The midterm elections are heating up. With the 2018 congressional elections generating more attention than past midterms, the stakes are high for advertisers. This year is set to be a record year for political ad spending that’s forecasted to reach $8.8 billion, according to Borrell Associates.
The revelations of Russian meddling and fake ads on Facebook has brought a heightened focus on transparency in political advertising. While both Facebook and Twitter have announced stricter guidelines to curb manipulation, these changes only address part of the issue. Social media platforms are still rampant with bots.
In an unpredictable and hyper-competitive political climate – with hundreds of congressional and gubernatorial races taking place – political advertisers must rethink their midterm media buying strategy to ensure that they are running brand-safe and effective campaigns to reach the right voters.
The rise of connected TV or OTT advertising is a new phenomenon for political advertising, as this was nascent during the 2016 elections. With nearly 200M OTT viewers in 2018, per eMarketer, connected TV is TV.
The exponential growth in streaming audiences brings an entirely new medium of opportunities for political advertisers as 78 percent of U.S. consumers subscribe to at least one OTT service, per PwC. In fact, of OTT U.S. viewers registered to vote, 96 percent indicated they vote in presidential elections, 86 percent in statewide elections and 82 percent in local elections, according to Nielsen Scarborough data.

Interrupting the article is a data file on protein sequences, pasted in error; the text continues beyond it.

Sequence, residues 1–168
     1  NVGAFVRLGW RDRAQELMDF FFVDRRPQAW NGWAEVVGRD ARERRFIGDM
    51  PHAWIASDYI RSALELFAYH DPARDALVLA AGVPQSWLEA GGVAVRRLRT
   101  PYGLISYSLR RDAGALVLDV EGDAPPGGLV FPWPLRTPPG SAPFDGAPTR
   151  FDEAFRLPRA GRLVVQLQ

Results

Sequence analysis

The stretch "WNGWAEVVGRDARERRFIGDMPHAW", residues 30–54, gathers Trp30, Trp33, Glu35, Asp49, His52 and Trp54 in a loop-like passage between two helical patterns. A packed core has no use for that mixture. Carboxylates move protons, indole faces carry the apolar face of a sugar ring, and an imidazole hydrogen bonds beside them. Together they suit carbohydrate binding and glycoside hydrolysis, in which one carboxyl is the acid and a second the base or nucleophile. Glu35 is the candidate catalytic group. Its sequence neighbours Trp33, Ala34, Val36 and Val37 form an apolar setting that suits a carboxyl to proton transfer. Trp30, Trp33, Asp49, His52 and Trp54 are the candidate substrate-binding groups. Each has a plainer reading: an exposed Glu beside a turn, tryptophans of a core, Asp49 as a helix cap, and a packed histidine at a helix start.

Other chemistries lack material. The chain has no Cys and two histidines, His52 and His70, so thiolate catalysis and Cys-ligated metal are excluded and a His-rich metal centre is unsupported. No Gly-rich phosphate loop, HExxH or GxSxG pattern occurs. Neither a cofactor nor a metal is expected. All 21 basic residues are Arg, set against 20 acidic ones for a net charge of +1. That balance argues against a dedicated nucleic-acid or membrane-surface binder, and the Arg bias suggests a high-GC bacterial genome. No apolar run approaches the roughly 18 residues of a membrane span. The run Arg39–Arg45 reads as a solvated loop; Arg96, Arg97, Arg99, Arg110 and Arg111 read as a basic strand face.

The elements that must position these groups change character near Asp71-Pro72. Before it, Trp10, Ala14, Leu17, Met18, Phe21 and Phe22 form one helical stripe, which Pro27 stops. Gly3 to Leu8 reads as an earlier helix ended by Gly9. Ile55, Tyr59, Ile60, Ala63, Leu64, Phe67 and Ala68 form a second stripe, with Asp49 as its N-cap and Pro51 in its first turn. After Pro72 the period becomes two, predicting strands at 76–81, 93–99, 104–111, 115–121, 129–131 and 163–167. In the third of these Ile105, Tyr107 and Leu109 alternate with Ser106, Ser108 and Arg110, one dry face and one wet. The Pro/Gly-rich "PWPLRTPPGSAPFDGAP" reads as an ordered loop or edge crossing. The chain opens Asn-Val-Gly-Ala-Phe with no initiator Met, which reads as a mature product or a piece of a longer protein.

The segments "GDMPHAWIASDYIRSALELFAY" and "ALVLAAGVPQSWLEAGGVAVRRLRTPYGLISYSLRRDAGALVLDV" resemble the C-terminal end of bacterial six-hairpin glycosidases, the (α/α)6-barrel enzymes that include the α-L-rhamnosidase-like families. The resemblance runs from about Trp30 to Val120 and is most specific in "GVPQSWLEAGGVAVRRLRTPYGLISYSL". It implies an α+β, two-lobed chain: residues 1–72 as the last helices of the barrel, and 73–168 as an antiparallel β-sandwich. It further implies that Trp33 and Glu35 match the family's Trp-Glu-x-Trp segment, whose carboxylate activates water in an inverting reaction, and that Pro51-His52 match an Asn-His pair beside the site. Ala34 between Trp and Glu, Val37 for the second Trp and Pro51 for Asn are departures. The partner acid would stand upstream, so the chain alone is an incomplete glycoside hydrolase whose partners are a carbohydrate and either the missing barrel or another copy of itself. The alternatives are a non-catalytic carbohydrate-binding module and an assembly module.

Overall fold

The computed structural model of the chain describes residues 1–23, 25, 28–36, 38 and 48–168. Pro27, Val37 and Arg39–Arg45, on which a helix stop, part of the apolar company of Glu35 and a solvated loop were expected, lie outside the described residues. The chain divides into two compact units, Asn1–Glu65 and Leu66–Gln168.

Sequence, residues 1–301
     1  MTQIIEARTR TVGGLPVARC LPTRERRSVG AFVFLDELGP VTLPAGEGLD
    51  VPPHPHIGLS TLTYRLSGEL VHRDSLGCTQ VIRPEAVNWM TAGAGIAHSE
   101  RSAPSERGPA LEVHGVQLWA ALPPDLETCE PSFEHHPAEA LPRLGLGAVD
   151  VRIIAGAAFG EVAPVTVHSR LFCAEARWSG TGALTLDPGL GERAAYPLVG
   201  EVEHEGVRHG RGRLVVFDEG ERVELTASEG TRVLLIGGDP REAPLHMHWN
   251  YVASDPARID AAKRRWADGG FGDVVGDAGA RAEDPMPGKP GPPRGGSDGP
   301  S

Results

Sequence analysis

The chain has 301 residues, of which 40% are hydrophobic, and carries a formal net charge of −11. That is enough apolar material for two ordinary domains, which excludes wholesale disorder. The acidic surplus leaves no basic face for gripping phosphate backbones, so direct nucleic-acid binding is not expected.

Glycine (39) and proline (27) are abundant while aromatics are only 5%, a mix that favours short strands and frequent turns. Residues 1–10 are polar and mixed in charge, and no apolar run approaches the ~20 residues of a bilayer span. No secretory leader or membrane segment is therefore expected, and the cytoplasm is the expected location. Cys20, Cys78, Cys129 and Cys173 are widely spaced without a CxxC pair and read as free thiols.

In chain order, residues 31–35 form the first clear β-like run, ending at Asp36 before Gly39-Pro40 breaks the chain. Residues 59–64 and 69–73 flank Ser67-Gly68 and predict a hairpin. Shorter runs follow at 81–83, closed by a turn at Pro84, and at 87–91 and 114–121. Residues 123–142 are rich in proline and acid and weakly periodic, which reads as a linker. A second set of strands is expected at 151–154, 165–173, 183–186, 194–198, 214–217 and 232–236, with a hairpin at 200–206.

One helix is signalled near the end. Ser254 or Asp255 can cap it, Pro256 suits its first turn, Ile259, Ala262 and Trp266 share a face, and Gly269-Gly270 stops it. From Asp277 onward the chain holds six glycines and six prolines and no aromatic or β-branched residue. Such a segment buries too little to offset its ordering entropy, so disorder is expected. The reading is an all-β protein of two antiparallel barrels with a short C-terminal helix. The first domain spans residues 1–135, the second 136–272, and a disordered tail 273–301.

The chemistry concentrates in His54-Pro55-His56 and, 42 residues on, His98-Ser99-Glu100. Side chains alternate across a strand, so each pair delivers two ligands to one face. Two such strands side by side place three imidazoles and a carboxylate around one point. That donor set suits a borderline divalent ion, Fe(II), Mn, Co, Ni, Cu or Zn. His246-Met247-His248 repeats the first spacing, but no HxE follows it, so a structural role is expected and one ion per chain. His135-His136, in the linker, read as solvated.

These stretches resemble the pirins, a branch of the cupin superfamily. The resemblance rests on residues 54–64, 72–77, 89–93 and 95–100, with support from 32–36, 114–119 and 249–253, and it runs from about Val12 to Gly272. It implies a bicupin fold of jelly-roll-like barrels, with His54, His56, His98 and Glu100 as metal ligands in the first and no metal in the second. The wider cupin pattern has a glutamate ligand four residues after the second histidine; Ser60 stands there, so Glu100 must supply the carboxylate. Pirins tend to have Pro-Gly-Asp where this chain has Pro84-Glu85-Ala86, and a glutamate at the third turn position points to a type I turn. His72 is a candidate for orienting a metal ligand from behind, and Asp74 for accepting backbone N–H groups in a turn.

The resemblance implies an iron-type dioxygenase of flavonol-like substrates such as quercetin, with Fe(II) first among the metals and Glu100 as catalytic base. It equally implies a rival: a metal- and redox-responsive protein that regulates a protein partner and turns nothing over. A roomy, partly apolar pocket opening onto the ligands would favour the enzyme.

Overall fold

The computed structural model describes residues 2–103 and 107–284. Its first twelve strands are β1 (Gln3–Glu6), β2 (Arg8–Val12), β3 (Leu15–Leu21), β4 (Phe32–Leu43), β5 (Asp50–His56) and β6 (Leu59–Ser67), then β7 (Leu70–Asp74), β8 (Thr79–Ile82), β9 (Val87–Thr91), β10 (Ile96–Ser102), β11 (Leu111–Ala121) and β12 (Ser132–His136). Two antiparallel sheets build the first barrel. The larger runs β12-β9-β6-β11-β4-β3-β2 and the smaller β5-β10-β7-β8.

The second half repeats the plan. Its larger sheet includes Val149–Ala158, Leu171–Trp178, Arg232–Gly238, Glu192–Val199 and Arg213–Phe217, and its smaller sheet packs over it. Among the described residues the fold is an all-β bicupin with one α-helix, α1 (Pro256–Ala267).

So how does the connected TV environment address political advertisers’ top concerns and help them to reach the voters that matter?
With constrained budgets, candidates need to be resourceful in their media spend to achieve specific campaign goals — to sway undecided voters and attract financial supporters.
While digital media offers granular targeting capabilities, there are significant brand safety risks. Inventory sourced through a programmatic exchange is often times remnant and advertisers may not even know the placement until after the campaign delivers.
Fraud, in the form of bot traffic and phony websites, was rampant in the 2016 elections. Viewability is another major issue: a campaign ad that appears at the bottom of a web page may never get viewed if the user never scrolls down. In a digital environment of low transparency and limited safeguards, campaign dollars can easily go to waste.
Unlike digital, in a walled-garden connected TV or OTT platform, advertising runs on trusted networks with authenticated viewers. Content on connected TV devices takes up the full screen, making it unlikely an ad is not fully viewable.
Since OTT viewers are not channel-surfers, as they’ve self-selected the programming, they represent a highly engaged audience.
Avoid getting pre-empted in a high stakes race
Preempted spots are TV ad spots, both broadcast and cable, that get bumped from the schedule when another advertiser pays more money for a specific time slot. In a high stakes political race, the chances are high for a campaign to be preempted as spending spikes.
When an advertiser gets preempted, they have to pony up more money or scramble to find other ways to advertise or risk derailing their campaign. And since, there’s only a short window to get a campaign message out, a ‘makegood’ (where a missed spot runs at a later date) could end up being a wasted spend.
In this instance, it’s imperative for political advertisers to have guaranteed impressions to be effective. Getting in front of voters and constituents that matter most to a campaign requires more precision in targeting.
OTT is addressable; it has the ability to serve different ads to different audience segments watching the same programming. Political advertisers can leverage richer datasets to target voters by political affiliation, congressional district, income, education level, and other interests.
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